Southern Baptist polity gave populism power, and this populism frequently resulted in the expulsion of those who were thought to deviate from evangelical orthodoxy. In recent years, this led to an almost complete turnover of the seminary's faculty as the seminary's identity was brought in line with the orthodoxy of the "conservative resurgence" in the Southern Baptist Convention.

In an interview about his book,
Wills celebrates the struggle of orthodoxy against liberalism. He attributes the success of Southern to its periodic return to its roots, one that often involves some painful pruning but protects orthodoxy from decay. Southern Baptist expatriates and exiles from that period, obviously, view things differently, and the pain they experienced still can be felt (as in one personal reflection of a pre-1993 alumnus here). To his credit, Wills gives those voices full and fair coverage in his sections on what Southern Baptists used to refer to as "the controversy" (or did before "the controversy" was basically settled).

Because I admire Wills's scholarly research, but lament the outcomes that he celebrates, it makes me wonder what would be (or perhaps already is) the "institutional network" for our generation that would sustain the creative acts of conscience that Kosek traces in his book. The theologians and historians Gary Dorrien and Serene Jones, both of Union, as well as Cornel West reflect on that in this Bill Moyers interview. In particular, Dorrien has been instrumental in rescuing liberal theology from the caricatures to which it has been subjected. Perhaps the Union will rise again?

The pacifist radicals in Kosek's book were rather straight-laced, even conservative, in personal behavior, and their gender politics were pretty conventional. But they also certainly burst orthodoxies of both right and left, and ultimately served as a key transitional generation in bringing the "moral jujitsu" of active nonviolence resistance to the civil rights generation of the 1950s and 1960s. They weren't orthodox by anyone's standards. But really, what good is "orthodoxy," if it doesn't lead to justice?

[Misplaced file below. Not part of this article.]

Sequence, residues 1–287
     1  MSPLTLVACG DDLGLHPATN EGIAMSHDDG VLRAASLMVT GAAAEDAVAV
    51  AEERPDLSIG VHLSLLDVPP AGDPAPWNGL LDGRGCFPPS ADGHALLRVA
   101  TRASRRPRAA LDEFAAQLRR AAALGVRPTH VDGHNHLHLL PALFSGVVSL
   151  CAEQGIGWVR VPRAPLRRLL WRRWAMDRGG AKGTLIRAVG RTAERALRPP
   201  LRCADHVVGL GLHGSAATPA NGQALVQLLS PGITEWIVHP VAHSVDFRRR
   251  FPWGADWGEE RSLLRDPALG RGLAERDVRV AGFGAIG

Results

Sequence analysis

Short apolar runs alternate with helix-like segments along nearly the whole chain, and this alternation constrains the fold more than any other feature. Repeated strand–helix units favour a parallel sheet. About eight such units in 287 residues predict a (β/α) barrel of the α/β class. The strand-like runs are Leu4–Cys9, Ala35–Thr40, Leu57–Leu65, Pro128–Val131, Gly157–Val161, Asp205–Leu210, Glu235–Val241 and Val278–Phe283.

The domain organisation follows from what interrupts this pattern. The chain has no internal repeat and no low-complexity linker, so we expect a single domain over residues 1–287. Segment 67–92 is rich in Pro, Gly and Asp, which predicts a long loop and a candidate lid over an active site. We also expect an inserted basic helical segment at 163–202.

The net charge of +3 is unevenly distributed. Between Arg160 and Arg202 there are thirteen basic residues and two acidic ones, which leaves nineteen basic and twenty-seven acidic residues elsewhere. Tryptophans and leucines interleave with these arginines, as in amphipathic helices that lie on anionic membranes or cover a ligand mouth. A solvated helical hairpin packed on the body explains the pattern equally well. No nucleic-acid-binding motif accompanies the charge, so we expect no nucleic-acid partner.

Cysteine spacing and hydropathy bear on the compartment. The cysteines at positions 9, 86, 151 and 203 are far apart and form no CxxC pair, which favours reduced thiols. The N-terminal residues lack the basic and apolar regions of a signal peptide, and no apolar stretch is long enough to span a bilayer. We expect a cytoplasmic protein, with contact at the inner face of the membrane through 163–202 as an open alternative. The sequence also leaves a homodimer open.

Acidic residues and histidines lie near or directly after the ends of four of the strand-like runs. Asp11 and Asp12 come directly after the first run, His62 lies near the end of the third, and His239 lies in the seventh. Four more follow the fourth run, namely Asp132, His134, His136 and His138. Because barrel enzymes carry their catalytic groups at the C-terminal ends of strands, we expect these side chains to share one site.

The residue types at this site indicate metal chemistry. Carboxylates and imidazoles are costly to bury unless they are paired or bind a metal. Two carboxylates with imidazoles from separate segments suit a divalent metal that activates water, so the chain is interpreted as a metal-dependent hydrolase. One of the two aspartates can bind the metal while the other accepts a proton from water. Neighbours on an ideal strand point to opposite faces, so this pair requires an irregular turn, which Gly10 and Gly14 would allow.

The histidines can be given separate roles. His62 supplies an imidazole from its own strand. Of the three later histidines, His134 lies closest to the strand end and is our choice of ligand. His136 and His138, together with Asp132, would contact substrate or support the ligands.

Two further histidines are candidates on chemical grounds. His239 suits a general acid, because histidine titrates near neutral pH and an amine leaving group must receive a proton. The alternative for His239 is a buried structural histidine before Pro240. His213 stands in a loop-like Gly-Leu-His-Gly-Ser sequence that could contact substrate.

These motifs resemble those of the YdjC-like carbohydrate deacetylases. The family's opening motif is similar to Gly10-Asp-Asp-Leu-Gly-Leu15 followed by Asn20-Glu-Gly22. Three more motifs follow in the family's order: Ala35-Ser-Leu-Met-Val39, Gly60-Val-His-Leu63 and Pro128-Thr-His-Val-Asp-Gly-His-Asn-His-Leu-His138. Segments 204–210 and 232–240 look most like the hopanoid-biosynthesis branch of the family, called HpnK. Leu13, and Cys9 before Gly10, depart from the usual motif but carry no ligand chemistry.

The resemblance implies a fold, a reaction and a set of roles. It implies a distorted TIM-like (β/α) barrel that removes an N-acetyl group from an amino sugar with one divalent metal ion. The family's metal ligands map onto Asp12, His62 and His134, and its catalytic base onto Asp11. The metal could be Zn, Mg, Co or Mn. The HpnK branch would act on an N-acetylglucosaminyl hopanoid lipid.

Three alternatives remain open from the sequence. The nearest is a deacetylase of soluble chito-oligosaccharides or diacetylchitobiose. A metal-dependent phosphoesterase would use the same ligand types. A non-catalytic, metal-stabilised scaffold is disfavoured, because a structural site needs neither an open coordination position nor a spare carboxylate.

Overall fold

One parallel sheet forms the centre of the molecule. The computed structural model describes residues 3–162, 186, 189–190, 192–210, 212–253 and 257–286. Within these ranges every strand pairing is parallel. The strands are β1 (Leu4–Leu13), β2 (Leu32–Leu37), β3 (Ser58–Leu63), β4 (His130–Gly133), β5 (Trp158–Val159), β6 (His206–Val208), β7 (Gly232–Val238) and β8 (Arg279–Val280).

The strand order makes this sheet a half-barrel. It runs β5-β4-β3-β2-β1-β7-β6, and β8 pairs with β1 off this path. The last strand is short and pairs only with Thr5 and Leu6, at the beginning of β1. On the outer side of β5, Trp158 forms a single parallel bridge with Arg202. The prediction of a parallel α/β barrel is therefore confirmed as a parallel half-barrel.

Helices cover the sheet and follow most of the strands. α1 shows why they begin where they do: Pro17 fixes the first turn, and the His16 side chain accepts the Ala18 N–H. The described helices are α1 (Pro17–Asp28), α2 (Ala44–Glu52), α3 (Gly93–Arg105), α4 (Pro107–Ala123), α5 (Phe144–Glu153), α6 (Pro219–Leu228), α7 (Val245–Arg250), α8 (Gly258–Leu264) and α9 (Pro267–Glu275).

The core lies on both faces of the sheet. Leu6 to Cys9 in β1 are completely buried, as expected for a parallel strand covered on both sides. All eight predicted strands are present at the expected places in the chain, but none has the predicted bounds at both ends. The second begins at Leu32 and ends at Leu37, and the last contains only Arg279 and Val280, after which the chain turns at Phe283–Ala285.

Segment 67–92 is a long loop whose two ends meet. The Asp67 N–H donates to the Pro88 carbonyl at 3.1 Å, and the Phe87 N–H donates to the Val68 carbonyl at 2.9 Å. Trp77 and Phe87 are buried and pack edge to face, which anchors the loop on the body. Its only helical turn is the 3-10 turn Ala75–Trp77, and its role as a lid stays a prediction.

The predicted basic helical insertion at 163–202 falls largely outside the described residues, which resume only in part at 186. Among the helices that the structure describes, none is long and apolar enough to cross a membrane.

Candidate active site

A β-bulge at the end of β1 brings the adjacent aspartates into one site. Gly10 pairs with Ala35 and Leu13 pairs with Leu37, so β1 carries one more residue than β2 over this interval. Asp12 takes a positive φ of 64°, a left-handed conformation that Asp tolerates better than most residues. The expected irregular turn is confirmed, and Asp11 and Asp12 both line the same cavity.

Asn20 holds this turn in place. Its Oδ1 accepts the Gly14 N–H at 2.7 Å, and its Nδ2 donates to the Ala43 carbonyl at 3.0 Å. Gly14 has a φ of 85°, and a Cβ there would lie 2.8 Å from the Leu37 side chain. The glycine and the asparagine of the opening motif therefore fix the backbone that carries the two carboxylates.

Stephen C. Rose said…
The collapse of liberal theology was simultaneously the collapse of orthodoxy (new and plane o). H. R. Niebuhr understood this and was sage enough not to predict what would come after these twin deaths. I think what comes after is a reconceptualization of what we call nonviolence. One which sees it less as a movement than as a challenge to humankind and a summons to moral evolution. I knew all this when I heard H.R. speak at UTS in 1960. The celebration of RN and DB are indices of the failure to even understand what this is all about. Reinhold would call it naivete. I call it a better realism. EN was an excuse for stasis and regarding the institutional church as trivial.
PhilipMeade.com said…
I am very happy to say that I studied under both Greg Wills at Southern in Louisville and Mike Ruffin at Belmont in Nashville (who wrote the "personal refection" article). Both are dedicated servants and it has been helpful to learn and think through the issues from both perspectives from two men who I know and trust.